A particularly excellent bumper sticker from the Clearwater Festival yesterday. I’ll be posting more photos at the end of the week, but in the meantime, a few thoughts.
A crowd like that at the festival — crunchy natural-fiber-wearing left-leaning SHUT-DOWN-GUANTANAMO activist Green-Party-voting indigenous-culture-loving types — are in some ways much more pleasant than the folks at, say, the San Gennaro festival on Staten Island. No fights broke out, very little in the way of shouted profanity, no inquiries as to whether someone is looking at someone else, no blasting stereos. But rudeness of a different type proliferated: that of overprivileged, over-entitled people who behave in shockingly rude ways, then take sweetly indignant offense when asked to please wait in line for the bathroom, or to please not sit in the walkways, or when told the shuttle bus will not be making any special stops for them. The best one was the cranky woman who sat next to me at the closing ceremony, bitching out the volunteers, whose confusion and contradictory directions resulted in us getting up and moving a total of four times. She complained, she asked who was in charge, she mocked them, she had apparently never seen such a bunch of idiots in her life. And five minutes later she was singing “We Shall Overcome” along with Pete Seeger. Not sure what she was overcoming.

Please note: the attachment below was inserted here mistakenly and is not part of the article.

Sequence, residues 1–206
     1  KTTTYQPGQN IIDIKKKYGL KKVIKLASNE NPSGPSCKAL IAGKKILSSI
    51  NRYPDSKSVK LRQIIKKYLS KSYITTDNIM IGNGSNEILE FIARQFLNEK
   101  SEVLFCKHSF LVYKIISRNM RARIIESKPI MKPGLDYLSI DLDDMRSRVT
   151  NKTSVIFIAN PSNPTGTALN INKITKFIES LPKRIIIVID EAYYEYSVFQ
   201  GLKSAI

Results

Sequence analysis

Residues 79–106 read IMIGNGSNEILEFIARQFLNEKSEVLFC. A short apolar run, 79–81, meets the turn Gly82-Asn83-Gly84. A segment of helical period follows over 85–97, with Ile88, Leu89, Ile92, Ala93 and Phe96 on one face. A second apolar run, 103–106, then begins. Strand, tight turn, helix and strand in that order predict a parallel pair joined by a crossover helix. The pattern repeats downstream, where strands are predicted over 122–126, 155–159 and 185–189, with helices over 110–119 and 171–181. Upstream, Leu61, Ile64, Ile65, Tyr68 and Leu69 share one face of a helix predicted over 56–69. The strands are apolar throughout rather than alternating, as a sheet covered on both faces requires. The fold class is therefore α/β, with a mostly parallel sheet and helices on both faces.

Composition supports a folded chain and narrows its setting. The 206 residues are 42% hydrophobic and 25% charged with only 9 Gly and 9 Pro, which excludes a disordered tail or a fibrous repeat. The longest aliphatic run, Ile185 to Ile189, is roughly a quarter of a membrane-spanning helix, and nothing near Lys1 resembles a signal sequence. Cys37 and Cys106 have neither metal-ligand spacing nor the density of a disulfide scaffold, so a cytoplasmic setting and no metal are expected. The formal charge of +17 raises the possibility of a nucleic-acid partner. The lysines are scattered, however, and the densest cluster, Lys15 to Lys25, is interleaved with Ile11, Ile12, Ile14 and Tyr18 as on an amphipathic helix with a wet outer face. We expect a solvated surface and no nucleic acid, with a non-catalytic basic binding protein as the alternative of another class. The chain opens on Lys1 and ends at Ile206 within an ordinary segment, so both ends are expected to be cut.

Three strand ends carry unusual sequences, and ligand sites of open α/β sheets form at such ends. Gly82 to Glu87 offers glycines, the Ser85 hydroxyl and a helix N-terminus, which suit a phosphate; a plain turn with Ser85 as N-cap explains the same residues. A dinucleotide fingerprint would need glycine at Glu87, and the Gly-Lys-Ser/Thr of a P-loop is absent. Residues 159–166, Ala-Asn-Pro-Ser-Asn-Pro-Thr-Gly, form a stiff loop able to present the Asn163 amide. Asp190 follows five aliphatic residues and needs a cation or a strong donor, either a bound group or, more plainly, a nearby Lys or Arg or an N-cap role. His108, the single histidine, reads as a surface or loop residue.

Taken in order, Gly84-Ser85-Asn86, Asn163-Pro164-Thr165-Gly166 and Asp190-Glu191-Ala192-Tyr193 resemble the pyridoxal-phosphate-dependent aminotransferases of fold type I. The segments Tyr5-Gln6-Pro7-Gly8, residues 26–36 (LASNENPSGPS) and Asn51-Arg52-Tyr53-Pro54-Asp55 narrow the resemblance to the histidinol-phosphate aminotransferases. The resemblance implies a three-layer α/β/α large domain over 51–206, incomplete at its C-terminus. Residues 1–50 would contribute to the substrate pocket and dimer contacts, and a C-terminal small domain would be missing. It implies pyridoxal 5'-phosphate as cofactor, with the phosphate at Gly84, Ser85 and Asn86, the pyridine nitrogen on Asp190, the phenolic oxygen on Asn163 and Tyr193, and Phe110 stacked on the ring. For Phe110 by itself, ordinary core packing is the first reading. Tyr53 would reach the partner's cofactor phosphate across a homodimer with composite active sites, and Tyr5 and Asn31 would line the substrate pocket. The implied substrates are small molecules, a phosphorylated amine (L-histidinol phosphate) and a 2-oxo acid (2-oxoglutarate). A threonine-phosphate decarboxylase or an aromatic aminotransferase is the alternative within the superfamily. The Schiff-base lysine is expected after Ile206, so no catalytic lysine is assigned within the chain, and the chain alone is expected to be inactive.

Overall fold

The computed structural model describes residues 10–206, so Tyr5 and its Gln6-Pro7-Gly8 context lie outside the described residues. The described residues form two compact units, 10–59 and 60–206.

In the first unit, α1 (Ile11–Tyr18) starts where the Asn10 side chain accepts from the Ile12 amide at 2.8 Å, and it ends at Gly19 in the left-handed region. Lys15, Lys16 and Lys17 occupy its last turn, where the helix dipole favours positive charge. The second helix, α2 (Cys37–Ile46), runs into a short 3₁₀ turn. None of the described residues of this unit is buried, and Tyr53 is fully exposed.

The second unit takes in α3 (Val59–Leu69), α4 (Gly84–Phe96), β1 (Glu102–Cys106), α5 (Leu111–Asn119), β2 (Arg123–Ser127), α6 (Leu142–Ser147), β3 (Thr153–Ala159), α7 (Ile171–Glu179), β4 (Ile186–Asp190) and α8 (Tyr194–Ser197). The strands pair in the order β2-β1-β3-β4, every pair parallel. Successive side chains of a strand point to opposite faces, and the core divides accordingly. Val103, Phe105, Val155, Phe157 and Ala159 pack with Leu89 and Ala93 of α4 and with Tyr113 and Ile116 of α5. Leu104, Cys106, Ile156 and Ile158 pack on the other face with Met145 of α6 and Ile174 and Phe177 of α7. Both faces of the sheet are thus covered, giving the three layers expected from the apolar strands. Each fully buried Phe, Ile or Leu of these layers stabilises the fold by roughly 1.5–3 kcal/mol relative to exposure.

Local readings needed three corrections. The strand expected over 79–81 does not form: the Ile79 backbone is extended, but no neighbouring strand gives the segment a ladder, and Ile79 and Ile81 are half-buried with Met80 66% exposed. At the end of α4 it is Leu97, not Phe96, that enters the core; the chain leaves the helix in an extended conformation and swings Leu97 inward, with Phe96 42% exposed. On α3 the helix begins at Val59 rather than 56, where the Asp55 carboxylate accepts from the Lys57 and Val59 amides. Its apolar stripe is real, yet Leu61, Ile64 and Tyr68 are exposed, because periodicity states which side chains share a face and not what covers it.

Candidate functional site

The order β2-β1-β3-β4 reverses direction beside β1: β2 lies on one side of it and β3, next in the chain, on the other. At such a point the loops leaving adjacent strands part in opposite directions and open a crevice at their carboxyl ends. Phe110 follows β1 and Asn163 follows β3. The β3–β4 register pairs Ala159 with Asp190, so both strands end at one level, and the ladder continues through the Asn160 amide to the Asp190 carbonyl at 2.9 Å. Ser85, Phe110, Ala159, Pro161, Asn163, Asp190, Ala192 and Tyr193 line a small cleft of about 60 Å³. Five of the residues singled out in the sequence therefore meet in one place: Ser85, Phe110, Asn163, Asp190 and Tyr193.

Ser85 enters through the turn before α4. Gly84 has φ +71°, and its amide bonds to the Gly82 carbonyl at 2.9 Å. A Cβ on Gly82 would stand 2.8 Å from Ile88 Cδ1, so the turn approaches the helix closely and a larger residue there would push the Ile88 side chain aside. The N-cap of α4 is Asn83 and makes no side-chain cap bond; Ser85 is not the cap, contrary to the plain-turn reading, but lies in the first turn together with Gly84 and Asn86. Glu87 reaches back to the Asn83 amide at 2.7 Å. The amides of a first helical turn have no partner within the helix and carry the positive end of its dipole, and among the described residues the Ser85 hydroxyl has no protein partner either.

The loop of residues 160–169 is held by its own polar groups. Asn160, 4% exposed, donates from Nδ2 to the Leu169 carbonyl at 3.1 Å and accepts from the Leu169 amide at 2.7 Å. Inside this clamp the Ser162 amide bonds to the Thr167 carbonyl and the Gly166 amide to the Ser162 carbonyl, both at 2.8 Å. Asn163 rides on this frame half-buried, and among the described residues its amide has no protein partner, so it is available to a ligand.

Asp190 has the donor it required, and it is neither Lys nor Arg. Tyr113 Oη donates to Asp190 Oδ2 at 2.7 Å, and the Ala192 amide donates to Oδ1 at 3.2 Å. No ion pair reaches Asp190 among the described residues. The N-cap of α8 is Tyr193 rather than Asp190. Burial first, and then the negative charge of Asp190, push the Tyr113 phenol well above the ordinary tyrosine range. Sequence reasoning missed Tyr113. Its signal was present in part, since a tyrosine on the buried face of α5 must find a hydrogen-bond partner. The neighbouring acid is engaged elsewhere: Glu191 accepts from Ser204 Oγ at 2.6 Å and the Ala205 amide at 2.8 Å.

The Clearwater organization was the moving force behind the cleanup of the Hudson over the past quarter-century and as such they have a demonstrated track record of doing practical, useful, non-Utopian things that earns them tremendous respect from me. Their big priority at this festival was gathering signatures for the closing of the Indian Point nuclear power plant. I thought about it, but I did not sign. It didn’t square with the “Kick the oil habit” shirts they were selling, and the concern for the safety of New Yorkers and the environmental effect on the river seems to be missing some corresponding concerns for the safety of miners and oilfield workers and the environmental effect on poorer, far-away communities. Not that uranium mining and waste disposal don’t have equally awful effects. But with General Motors subsidizing gas for their obscene SUVs, it seems to me there are more important targets out there.
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